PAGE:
Dish of the Week
young rabbit with wild morels, fiddleheads, cherries, ramps, baby turnips and blood sorrel
What a palaver ~ forget about the difficulty sourcing quality rabbit these days ~ the rush is on for those delicacies that only make a brief appearance in late April, early May. All week this incredible bounty arrived in fits and starts. The indefatigable Charmoon brought in two big bags of wild morels on Wednesday, the same day ramps and fiddleheads appeared. Three kinds of tiny pink and white turnips arrived from our friends at MIX, who also dropped flats of beautiful blood sorrel, so named for the vein of vibrant red that runs down the center (and not incidentally, a curiously wonderful iron bite to the finish). I harvested the Bing cherries at our farm in Mendocino County on Saturday morning, by Saturday evening they were on plates in the dining room.
There's a precarious balancing act with ephemeral ingredients like these ~ the trick is to present them as simply as possible so they play with and not against each other. The rabbit loin was wrapped in ramp tops, then cooked sous vide with the kidney in fragrant aromatics. (Pan sear or grill the kidney and you risk losing that moist pop of meat juice when you cut into it.) The morels were glazed in butter and chives. The ramps and cherries were lightly pickled. The turnips were steamed, then brushed with butter. This is one of Chef's favorite times of the year: blink and you'll miss it. Manage to score a table for lunch or dinner in the next few weeks and you won't!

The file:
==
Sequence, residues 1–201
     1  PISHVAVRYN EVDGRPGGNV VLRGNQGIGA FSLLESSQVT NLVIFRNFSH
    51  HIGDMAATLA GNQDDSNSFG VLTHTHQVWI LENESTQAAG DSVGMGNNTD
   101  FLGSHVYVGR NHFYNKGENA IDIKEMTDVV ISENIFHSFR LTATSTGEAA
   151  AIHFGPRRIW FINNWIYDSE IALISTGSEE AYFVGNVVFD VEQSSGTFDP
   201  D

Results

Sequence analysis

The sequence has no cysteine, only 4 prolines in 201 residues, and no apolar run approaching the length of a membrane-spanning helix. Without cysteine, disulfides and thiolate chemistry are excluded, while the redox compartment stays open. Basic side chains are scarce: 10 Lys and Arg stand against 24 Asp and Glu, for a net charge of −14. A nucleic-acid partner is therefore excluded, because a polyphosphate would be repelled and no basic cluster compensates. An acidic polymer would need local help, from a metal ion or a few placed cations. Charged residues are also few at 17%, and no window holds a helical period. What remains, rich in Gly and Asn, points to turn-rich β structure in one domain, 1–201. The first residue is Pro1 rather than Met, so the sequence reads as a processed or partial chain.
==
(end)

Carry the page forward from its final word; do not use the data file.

The "Real" Key Ingredients
Admittedly most of the talk in our blog week after week is about sourcing food, but make no mistake: the most important ingredient here at Barndiva is of the human kind. The front of house is the kitchen's direct conduit to you; but while they provide the most powerful way to communicate the narrative around each dish, great service is a high wire act where one mis-step can reverberate throughout the meal. Some diners like a lot of talk about the food, others want only the salient facts. Knowing the difference is almost as important as knowing the food.
Sincerity is not something you can teach alongside the daily special, but it's the first thing a customer registers no matter how 'educated' their palate. What I love most about the dedicated, smart, food and wine obsessed young men and women that work here is the passion they manage to bring to the barn with every service. We are so lucky to have each and every one of them.
Matt, Kaireesa, Cathryn, Stacie, Mark, Brendan, George
The snap above was taken just before we opened for lunch last Thursday. Servers, hosts, back waiters, bartenders and Brendan, our SOM, often trade day and evening shifts, but the guiding force behind our increasingly popular lunch service is the beautiful lady third from the left, Cathryn Hulsman, our AM manager.
All text and photos Jil Hales and Dawid Jaworski